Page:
A small town with big ideas

Sean Dudley
By Chuck Ermisch

Isolated communities are struggling the world over. From Pacific islands to farming towns in the American midwest, young people are migrating to cities with larger populations and more economic opportunities. Reversing this process for any individual community is not easy. But one small town in Kansas has found an innovative way to do so, and I'm proud to have helped.

The city of Seneca, Kansas, is typical of many communities in the region, and probably elsewhere around the world.

The population, currently around 2,200, has declined in recent years, and many of the city's young people have left in search of educational and professional advancement. But the people of Seneca are determined to preserve and improve their community. Here is the story of how they are doing it.

Seneca had a nine hole golf course, built some years ago. The course was located on land that was more valuable than what it was producing financially, and many cities would have closed it down.

Instead, though, the authorities in Seneca authorised and created a community improvement masterplan that would see the land occupied by the golf course redeveloped as a mixture of residential property and leisure facilities, including an aquatic centre as well as various retail opportunities. A patch of adjacent land seemed more appropriate for golf, and the city undertook to donate it for development as an 18-hole course, as long as no public money was used to build the course.

I became involved in the Seneca project – now known as Spring Creek Golf Course – back in 2001. Over the course of the first three years, we developed a range of concepts, and got a land planner involved, enabling the creation of 55 housing lots on the property, aiming for the early retiree occupants to homes that are built as move up types taking advantage of golf course views. I met with the city authorities and golf board several times before starting the design work. I asked them: "What do you want from this golf course?" The answer came back: we want to create a leading course for the region, as there are no other 18 hole facilities within a 60 mile radius.

We want to be able to attract amateur tournaments, and corporate events, so we need something a little more upscale than the average municipal.

This made the project especially interesting, as I knew the budget was tight.

The course had to be just special enough, while still being able to be maintained at a low cost. Fortunately, the site was suited for this – it was quite wide open, and I was able to make use of native grasses and other features around the greens including bunkering, and to bring the native grasses in close to the greenside bunkers and mounding. Rather than just building circular turtle-backed greens out in the open, we were able to tuck the greens into natural topographical features around the property. For me, this was the best side of the project – we had a site that allowed the design to incorporate grassing lines, and tuck greens into areas of natural topography that made sense. That was the fun part of the project – we were able to do some neat things with minimal earthmoving, because we had a site with good natural soils and topography. We only moved an estimated 180,000 cubic yards in total, mainly for greens, tees and the building of a water storage system. To keep costs competitive, we hired a local contractor out of Kansas City, who did shaping, irrigation and construction of greens. A community-based volunteer group did drainage work and built bunkers. That sounds like a great idea, and it worked out well in the end, but it does take a lot of work to coordinate and schedule people who don't know much about building golf courses.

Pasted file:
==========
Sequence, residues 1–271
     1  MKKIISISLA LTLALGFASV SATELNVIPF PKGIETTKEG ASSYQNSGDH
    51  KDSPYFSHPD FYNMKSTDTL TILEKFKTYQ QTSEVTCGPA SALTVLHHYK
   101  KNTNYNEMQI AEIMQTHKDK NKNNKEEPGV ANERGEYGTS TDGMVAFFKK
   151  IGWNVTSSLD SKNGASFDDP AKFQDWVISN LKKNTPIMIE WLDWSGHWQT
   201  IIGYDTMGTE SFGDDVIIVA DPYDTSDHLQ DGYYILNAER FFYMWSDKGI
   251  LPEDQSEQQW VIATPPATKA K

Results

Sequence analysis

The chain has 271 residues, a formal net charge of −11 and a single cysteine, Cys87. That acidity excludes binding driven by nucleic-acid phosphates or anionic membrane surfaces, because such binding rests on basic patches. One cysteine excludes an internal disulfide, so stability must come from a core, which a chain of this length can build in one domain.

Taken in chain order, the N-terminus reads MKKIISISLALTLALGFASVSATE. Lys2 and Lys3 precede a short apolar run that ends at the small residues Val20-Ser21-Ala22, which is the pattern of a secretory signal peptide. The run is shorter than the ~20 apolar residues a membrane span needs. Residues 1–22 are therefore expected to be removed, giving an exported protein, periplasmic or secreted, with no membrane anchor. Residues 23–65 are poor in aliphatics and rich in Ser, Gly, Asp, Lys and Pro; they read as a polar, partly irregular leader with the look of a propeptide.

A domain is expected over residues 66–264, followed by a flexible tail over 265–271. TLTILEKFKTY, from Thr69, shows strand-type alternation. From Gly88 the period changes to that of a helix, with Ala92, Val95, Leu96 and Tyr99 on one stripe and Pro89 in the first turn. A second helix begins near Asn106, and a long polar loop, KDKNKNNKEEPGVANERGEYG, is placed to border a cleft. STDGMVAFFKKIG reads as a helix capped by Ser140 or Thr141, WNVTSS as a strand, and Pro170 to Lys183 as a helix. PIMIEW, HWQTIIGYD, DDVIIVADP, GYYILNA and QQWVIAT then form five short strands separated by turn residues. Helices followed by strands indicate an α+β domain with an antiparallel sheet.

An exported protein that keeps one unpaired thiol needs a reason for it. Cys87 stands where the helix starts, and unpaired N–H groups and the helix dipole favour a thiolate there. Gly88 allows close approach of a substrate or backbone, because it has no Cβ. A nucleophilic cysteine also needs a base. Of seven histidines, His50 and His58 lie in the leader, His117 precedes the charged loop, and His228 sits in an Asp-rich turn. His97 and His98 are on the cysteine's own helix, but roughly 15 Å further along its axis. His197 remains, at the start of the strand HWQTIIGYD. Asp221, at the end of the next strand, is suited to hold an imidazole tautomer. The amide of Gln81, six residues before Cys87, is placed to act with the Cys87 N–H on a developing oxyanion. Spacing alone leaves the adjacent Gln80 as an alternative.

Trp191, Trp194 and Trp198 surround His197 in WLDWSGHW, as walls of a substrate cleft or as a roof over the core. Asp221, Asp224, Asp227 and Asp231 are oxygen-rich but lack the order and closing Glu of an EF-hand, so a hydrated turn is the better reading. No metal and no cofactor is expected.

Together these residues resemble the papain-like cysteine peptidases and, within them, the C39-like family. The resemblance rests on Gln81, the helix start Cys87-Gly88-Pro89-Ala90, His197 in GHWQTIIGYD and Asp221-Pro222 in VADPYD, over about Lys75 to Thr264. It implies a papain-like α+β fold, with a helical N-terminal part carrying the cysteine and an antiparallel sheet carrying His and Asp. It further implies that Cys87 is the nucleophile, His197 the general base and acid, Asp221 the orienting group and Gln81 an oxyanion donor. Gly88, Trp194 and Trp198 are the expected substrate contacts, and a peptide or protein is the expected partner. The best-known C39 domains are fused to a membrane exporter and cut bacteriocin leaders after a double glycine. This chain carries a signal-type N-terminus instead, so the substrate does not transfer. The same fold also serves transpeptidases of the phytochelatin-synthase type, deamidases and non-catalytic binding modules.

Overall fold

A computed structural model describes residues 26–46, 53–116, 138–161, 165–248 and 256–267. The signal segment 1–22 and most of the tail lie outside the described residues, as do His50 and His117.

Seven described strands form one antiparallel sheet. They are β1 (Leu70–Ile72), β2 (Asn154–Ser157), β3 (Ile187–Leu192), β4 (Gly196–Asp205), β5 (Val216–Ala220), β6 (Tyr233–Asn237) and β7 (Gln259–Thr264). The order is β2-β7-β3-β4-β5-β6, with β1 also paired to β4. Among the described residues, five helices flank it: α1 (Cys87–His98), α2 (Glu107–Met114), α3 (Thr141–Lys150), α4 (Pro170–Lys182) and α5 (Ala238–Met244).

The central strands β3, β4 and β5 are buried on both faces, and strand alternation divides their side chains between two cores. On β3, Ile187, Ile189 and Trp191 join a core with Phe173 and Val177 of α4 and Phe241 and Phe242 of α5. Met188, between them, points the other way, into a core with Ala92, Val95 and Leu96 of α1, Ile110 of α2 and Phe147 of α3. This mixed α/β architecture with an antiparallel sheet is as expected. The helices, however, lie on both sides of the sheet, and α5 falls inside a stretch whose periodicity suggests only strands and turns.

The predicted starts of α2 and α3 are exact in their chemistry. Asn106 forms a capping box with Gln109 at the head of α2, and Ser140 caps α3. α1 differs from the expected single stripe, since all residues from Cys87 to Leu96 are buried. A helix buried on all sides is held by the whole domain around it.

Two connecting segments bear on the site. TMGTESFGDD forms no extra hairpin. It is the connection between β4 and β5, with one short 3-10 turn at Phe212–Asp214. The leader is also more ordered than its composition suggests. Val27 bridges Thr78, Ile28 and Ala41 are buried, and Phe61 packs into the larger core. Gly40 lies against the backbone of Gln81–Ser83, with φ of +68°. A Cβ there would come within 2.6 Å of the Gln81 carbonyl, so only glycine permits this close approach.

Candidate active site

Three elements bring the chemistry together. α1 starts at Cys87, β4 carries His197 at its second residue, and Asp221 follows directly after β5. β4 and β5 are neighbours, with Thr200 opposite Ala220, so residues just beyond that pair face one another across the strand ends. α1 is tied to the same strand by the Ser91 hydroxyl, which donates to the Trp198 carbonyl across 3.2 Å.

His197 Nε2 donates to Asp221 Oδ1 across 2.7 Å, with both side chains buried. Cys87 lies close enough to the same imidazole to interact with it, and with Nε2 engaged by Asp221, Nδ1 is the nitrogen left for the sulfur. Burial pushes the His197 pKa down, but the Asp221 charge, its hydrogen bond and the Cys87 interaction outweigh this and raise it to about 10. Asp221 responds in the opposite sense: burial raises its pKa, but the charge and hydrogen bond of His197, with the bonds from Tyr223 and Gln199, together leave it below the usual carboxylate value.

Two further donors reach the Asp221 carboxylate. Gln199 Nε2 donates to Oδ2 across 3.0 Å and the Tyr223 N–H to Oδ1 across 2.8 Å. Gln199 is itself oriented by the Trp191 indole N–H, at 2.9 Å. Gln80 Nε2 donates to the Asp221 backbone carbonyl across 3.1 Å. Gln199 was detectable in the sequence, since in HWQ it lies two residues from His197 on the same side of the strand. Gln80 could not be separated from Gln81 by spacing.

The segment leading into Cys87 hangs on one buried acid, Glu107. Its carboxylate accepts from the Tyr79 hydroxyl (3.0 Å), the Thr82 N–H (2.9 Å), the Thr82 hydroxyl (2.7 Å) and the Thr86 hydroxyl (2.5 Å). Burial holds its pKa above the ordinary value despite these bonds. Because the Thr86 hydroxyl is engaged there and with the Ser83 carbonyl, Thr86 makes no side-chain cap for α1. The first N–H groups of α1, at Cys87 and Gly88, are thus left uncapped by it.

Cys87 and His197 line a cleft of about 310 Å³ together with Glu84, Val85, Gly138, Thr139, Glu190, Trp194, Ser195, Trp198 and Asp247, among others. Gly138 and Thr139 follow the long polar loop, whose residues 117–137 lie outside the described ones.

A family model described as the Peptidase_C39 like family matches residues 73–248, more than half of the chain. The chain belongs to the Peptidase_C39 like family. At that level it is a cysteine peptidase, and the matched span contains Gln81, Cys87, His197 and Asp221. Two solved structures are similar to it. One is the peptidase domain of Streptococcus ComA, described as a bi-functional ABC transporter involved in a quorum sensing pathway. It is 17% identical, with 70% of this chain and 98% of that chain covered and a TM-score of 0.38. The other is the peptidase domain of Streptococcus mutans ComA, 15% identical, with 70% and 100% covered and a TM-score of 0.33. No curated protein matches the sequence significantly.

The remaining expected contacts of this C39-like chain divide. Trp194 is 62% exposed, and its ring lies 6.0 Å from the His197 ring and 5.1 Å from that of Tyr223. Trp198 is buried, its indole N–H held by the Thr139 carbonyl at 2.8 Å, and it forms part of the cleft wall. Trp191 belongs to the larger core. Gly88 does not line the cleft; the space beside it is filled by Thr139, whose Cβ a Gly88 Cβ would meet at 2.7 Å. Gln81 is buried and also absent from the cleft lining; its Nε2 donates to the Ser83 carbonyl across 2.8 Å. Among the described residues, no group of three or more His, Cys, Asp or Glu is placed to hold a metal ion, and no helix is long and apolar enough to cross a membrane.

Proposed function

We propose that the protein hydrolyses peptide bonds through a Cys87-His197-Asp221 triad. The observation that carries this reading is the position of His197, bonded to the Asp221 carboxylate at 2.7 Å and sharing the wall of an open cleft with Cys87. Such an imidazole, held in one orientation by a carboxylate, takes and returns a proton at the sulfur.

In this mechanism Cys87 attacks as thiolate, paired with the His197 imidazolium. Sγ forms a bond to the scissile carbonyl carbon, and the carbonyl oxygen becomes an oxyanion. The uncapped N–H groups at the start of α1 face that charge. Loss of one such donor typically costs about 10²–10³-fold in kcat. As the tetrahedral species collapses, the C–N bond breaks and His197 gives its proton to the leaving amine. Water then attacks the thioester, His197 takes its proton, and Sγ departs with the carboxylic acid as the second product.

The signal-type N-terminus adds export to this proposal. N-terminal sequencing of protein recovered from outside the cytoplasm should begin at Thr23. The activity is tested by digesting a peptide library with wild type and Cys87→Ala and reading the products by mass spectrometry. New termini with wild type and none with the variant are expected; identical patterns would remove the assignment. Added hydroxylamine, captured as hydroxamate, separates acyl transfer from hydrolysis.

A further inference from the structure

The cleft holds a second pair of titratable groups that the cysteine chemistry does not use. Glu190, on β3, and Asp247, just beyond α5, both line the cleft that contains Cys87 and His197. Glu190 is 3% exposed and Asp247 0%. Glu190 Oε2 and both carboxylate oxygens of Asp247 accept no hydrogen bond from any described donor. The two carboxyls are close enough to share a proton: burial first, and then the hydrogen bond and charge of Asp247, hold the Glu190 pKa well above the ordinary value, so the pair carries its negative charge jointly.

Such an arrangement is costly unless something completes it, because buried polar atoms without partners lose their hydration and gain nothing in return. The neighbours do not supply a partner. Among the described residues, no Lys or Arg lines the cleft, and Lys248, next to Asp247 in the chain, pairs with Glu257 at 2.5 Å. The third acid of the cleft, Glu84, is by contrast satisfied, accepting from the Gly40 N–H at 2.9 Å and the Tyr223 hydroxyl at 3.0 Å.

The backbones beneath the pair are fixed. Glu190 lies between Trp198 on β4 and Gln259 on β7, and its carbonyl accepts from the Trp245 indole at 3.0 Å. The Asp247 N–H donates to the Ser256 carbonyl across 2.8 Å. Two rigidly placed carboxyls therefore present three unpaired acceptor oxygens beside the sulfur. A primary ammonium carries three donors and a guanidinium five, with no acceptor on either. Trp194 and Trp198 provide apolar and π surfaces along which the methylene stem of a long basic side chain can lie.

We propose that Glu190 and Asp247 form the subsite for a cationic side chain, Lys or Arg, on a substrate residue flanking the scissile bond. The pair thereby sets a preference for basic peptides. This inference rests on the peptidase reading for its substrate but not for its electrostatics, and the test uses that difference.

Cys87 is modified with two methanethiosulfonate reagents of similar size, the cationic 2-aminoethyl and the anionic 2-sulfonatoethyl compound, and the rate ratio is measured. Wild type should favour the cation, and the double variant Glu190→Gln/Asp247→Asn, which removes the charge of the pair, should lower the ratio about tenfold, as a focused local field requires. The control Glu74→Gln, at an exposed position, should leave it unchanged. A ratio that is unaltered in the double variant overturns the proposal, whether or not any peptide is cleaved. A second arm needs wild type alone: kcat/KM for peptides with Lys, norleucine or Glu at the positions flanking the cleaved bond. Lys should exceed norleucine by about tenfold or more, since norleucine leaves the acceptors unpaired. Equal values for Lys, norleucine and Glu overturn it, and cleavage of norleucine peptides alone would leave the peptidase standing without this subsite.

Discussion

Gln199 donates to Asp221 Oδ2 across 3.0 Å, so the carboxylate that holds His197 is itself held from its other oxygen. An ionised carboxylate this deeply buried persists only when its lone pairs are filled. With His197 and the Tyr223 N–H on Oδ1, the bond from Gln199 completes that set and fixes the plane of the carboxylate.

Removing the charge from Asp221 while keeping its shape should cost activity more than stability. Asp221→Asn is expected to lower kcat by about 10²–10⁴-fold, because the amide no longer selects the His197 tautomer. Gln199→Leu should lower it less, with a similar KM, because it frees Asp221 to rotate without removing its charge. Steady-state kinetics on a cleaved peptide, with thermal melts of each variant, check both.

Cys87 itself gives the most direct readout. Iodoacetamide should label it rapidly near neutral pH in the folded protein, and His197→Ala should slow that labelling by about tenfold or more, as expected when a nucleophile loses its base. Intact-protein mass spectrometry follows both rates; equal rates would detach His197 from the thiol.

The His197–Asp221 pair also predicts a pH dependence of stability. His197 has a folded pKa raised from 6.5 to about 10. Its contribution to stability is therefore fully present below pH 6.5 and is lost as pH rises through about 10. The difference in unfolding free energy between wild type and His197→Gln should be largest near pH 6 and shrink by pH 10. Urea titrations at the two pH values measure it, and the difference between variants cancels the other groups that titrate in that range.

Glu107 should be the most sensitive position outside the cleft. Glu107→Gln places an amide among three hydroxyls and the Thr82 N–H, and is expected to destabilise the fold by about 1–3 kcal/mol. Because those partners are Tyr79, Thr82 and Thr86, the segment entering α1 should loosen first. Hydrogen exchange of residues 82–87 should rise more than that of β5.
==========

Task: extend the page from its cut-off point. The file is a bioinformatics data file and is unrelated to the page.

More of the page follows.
One of the interesting aspects of the project is that we have been able to design in areas that can be transitioned into more complex features if maintenance budgets allow it in the future. For example, we shaped in areas that could one day become more formal sand bunkers. And around the greens I've designed areas that could be transitioned into green surface easily if they want to expand greens in future.

What's really exciting about Spring Creek is the effect it's having on the community.

The course opened Memorial Day weekend in spring 2006, and already it's making a profit. They played 35 total shotgun tournaments in the first year of operations with two of them being 2 day events and they are expecting this number to maintain itself and increase in the next year. The city now has a high school competition, two women's leagues, a men's league, a junior club championship and a beginners clinic.

And the real estate is moving too – thirteen of the 55 housing lots have sold and six brand new houses have already been built.

So we are already helping the community to make itself more sustainable. That's really rewarding.